It was time for plan B. I was still in touch with the leaders in fifth, and on an agreed signal I brought my car in and Stirling took over on the 26th lap. The pit stop was slow because the only way into the enveloping Vanwall cockpit was by standing on the rear wheel and stepping over the screen. I was aching all over so the change-over was a performance to behold. This and the time lost in coming into and out of the pits meant that Stirling rejoined the race in ninth position.
If there was anything that I wanted to do less than to resume the race in Stirling’s car. I couldn’t think of it at the time, but engines have been known to go back on song as inexplicably as they can go off – and as the whole point of me starting the race was to give Vanwall a better chance with three cars, I asked the mechanics to lift me into his car. I circulated for a few laps but the misfire steadily got worse and it became clear that the only possible outcome from persevering would be an expensive engine repair. However, I was able to retire from the race feeling that I had done my best, but regretting even more my Le Mans idiocy.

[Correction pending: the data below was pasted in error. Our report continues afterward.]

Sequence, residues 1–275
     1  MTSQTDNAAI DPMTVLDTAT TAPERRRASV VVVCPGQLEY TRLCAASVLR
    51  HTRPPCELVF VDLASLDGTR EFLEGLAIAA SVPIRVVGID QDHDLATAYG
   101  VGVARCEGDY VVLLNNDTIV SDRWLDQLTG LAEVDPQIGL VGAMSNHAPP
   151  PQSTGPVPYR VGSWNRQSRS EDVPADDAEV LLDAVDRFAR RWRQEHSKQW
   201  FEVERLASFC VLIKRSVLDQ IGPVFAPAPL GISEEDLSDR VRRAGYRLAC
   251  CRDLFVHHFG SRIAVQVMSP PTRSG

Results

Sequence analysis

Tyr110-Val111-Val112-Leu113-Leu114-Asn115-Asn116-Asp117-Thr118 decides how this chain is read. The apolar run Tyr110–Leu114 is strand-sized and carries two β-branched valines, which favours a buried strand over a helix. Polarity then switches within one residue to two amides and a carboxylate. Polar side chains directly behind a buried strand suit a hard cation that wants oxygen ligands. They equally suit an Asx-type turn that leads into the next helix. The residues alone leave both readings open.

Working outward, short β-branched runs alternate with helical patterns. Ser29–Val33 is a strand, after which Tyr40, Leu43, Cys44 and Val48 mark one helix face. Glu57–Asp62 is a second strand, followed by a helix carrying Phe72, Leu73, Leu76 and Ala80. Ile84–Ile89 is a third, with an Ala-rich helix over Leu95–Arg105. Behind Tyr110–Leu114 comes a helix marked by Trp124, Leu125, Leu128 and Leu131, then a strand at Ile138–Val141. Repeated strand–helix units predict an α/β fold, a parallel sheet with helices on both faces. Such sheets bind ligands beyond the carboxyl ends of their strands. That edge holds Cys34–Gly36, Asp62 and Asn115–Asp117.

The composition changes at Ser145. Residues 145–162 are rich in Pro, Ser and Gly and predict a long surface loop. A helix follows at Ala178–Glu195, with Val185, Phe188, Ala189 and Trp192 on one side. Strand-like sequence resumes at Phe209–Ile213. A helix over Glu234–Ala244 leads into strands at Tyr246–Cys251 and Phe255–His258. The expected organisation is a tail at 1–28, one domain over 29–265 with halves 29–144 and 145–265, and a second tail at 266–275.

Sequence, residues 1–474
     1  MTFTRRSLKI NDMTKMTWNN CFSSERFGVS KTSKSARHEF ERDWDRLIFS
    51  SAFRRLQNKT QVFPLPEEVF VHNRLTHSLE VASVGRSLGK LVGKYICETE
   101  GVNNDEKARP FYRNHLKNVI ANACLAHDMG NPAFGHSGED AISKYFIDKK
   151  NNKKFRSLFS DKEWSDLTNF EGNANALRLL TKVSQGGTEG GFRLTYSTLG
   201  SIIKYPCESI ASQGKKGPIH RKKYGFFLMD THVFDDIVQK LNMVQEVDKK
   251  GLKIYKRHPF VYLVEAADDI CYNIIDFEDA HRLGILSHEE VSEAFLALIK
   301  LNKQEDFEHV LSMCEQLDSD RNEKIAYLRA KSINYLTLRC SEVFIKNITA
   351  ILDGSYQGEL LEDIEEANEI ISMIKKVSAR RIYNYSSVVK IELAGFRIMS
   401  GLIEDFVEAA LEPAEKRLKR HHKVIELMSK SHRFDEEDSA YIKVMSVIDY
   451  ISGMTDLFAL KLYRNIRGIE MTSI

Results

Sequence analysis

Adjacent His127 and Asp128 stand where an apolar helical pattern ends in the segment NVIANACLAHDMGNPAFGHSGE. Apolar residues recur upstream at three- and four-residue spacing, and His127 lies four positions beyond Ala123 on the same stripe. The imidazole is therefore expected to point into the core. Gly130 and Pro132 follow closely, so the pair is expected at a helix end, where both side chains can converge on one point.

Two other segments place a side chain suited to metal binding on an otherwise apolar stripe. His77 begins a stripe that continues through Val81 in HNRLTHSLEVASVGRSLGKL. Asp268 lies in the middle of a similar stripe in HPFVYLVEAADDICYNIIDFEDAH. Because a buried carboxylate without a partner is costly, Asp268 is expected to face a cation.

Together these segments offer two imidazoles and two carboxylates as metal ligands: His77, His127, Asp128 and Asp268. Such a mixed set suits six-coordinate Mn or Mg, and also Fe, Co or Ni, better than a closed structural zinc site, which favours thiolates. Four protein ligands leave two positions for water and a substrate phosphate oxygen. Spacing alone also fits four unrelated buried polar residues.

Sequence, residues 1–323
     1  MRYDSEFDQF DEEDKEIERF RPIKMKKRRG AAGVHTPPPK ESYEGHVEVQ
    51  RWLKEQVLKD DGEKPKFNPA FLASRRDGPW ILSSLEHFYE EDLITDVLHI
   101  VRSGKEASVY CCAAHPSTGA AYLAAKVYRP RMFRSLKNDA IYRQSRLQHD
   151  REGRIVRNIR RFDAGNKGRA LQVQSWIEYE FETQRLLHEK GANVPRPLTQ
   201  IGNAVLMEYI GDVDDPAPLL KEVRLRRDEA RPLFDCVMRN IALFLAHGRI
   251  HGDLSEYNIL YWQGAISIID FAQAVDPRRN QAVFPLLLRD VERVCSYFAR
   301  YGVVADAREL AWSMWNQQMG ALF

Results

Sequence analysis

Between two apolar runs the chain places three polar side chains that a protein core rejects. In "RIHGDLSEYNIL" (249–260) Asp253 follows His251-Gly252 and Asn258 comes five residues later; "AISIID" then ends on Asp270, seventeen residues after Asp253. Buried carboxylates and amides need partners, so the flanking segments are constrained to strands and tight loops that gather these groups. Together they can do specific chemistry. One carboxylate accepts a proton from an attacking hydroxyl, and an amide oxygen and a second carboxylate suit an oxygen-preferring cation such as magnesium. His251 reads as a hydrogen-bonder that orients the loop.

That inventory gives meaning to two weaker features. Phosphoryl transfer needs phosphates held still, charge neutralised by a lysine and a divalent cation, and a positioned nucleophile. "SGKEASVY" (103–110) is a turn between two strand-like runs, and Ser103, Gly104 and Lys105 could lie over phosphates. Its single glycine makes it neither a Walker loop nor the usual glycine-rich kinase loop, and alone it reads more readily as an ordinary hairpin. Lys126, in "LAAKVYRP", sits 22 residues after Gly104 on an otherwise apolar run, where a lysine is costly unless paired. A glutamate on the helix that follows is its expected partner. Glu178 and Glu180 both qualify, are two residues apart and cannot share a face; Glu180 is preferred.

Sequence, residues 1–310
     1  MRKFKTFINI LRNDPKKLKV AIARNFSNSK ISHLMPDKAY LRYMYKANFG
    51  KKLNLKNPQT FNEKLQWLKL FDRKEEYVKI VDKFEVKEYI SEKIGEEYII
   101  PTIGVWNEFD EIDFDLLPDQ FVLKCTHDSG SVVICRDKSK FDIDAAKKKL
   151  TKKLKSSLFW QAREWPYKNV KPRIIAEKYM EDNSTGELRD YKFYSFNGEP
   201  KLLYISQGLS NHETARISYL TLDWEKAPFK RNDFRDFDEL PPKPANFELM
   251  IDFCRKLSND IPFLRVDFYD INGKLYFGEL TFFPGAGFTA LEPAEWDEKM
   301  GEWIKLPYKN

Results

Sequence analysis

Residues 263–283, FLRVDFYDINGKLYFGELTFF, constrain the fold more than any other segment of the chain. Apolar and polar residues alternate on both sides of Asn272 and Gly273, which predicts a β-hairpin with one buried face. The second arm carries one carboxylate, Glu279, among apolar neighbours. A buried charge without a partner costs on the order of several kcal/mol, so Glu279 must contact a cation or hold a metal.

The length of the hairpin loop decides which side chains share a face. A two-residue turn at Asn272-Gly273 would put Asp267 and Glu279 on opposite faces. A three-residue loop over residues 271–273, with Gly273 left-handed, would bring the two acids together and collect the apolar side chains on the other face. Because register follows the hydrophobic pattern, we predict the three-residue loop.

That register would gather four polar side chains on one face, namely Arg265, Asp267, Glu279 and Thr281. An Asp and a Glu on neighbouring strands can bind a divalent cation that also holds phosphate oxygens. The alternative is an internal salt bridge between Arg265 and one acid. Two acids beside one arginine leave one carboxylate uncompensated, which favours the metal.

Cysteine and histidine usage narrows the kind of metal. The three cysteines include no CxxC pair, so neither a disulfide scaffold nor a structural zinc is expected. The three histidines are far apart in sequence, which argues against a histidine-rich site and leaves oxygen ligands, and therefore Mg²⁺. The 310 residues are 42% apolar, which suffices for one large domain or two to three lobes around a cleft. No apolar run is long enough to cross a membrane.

By lap 35 Stirling had passed Menditéguy, then Fangio, and Stuart was also going very well, passing Collins into third place. Stirling was driving at ten-tenths, breaking the lap record several times but at 45 laps, half distance, he was still a minute behind Behra who had not put a wheel out of place and had a 9sec advantage on Hawthorn, who was 20 seconds ahead of Stuart. Then came Collins, who was a further 21 seconds back, and about to be overtaken by Stirling.
On lap 49 Fangio retired with broken valvegear and Collins went out with a water leak on lap 53, only to take over Trintingnant’s Lancia-Ferrari, which had been unable to get the better of Salvadori’s Cooper; it was obviously not to his liking for Peter handed it back after three laps!